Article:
Lower costs increase the desirability of the product or service, even when use value is identical to or lower than other products of services.

Low cost then leverages elastic demand.

Consider, for example, Wal-Mart or Chevrolet.

13Focused DifferentiationRequires offering unique features that fulfill the demand requirements of a narrow market

Some focused differentiators focus on a particular sales channel (e.g. internet only)

Others target a limited demographic group (e.g. Sandals resortscouples only, no kids)

Consider, for example, Natural Grocer or Land RoverFocused Low CostRequires competing based on price to a narrow target market

Charges lower prices relative to other firms in that target market

Consider, for example, RedBox or Papa Murphys PizzaDifferentiation, Low Cost, and PerformanceGeneric strategies are equifinal

Each of the generic strategies can lead to competitive advantage and financial success.

Because of various operational differences in these two strategies, each will produce different patterns of financial success.

16Differentiation, Low Cost, and PerformanceConsider the following:

NordstromTarget(sales) 551,339 / 7,722,860 (profit) = .071 (profit margin)(sales) 2,408 / 51,271 (profit) = .047 (profit margin)Store profit per square foot = $369Store profit per square foot = $307SGA % of sales = 27.2%SGA % of sales = 21.8%Inventory turnaround = 4.84Inventory turnaround = 5.98(sq. ft) 132,039 x 187 (stores) = 2,4691,293(sq. ft.) 127,000 x 1300 (stores) = 65,100,00017Final Thoughts & CaveatsMonopoly, Limits to Competition, and Competitive AdvantageStrategic management can be seen as a process of cultivating small, pseudo-monopolies.

Even monopoly profits are limited by the resource constraints of the buyers but profits are certainly easier to achieve and sustain.

Strategic management can be viewed as a process where firms seek to attract customers and to limit competition, in effect creating for themselves monopoly-like conditions.18Final Thoughts & CaveatsMonopoly, Limits to Competition, and Competitive Advantage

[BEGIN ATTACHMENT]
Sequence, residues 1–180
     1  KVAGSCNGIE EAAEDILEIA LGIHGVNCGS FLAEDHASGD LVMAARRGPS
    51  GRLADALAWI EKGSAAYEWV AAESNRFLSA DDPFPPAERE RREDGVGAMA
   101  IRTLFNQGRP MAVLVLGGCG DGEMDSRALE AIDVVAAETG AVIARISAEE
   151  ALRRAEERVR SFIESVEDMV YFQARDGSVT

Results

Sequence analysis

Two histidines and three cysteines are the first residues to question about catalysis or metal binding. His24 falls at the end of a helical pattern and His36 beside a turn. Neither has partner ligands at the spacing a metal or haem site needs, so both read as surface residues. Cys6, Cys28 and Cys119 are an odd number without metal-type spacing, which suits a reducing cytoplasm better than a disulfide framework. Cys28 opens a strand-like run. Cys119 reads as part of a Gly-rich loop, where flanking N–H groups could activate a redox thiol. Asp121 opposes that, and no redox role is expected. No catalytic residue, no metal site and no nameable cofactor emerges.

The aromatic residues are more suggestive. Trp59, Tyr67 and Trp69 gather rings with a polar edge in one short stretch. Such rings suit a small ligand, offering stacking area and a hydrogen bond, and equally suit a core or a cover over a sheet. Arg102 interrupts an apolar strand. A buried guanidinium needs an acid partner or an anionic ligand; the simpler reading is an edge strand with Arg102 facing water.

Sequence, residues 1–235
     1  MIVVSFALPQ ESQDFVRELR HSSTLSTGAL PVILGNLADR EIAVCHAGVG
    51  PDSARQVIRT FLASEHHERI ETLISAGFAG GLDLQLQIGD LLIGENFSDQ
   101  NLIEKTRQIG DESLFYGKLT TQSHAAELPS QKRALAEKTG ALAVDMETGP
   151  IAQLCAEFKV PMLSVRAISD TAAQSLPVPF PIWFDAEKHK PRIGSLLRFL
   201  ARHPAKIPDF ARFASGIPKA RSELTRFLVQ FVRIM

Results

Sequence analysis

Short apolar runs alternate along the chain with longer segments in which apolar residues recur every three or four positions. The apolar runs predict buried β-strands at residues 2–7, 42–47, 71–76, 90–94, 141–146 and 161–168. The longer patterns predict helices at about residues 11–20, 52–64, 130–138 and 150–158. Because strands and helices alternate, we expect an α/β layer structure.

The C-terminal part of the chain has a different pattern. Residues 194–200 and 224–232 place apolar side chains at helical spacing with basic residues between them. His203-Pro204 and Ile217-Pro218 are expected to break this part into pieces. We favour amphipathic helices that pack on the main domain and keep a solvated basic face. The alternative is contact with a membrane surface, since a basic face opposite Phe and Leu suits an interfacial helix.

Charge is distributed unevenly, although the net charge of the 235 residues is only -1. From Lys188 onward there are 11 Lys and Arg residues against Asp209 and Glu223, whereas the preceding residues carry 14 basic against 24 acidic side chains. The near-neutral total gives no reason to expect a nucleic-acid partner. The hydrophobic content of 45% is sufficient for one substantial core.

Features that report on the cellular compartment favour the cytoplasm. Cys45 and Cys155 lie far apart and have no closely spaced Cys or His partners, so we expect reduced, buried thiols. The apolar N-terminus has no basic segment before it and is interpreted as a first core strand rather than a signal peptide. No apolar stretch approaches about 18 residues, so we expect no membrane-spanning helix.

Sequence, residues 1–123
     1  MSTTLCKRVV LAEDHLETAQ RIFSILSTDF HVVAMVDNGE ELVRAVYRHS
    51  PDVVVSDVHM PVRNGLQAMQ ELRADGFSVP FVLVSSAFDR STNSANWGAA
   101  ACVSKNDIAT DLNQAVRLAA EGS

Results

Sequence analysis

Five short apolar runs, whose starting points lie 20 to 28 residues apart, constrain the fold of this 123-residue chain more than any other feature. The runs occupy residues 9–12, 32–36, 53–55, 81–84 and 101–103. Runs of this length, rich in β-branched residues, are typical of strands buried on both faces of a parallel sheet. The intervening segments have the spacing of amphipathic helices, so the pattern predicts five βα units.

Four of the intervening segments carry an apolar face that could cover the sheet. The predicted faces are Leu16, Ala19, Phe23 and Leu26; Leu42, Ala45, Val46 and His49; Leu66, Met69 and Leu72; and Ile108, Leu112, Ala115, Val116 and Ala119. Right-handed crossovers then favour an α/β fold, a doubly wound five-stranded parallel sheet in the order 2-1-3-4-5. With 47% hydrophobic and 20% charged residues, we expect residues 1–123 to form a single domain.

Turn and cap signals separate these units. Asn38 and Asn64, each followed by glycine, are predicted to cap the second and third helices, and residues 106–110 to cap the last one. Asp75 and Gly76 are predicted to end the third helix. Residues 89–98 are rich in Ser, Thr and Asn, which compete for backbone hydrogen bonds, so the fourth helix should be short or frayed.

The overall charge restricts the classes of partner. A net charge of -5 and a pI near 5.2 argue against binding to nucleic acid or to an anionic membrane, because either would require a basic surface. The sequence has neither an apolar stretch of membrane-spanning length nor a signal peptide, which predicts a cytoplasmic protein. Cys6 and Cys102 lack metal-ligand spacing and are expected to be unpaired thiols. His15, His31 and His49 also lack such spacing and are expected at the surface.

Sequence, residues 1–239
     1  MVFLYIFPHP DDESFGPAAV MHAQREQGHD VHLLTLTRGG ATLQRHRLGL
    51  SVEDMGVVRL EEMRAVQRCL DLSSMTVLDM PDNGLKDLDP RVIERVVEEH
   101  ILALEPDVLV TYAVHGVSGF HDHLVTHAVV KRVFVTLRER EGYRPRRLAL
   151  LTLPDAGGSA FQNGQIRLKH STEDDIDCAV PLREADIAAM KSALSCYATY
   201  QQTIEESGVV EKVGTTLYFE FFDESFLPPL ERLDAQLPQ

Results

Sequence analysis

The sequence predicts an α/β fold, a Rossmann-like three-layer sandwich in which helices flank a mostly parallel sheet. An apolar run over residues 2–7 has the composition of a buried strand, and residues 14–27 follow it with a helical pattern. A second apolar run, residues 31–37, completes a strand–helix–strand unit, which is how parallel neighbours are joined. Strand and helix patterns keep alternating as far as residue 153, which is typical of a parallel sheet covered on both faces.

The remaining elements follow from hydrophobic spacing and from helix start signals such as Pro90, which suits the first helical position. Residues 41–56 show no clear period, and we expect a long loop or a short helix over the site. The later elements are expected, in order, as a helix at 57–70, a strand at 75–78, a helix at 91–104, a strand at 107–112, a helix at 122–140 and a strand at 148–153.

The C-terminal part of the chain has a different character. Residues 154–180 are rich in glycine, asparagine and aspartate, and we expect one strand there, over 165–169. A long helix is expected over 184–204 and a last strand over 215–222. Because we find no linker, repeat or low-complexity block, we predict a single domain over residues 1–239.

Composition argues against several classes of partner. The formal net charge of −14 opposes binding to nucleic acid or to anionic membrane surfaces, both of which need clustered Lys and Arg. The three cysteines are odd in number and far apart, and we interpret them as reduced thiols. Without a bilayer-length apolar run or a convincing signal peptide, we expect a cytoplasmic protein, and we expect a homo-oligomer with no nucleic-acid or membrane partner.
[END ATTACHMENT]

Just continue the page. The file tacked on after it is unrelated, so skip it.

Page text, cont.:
Gain a measure of power over elastic consumers by limiting the range of options that consumers can consider. That power then yields above market prices and margins.

Gain a measure of power by making consumers less elastic, thereby limiting the options that they will consider. This monopoly power yields above market prices and margins because customers see higher use value in the particular brand of the specific providers. 19Final Thoughts & CaveatsStuck in the Middle Remember that all competition is local.

Simply because a firm is not the lowest cost provider anywhere does not mean that it cannot be the lowest cost provider for some groups of customers.

Because a firm is not the most differentiated among all providers does not mean that it is not the most differentiated for some groups of customers.20Final Thoughts & CaveatsStuck in the Middle It can be helpful to think of these two strategies as combinations of two basic types of effort. Such a combination is best represented by the concept of a production possibilities frontier. 21Final Thoughts & CaveatsThe Dynamic Capabilities PerspectiveCompetitive advantage is not static.Firms can acquire competitive advantage and then lose it, even though industry conditions remain attractive.Maintaining competitive advantage requires managing a dynamic process, where demand is constantly shifting and adapting, where competitors are moving into and out of the market, imitating one another and innovating themselves, and creating and refining new alternatives from which customers can choose.

22Final Thoughts & CaveatsThe Dynamic Capabilities Perspective

What can we learn from the example of Home Depot and Lowes?

What could either firm do differently?23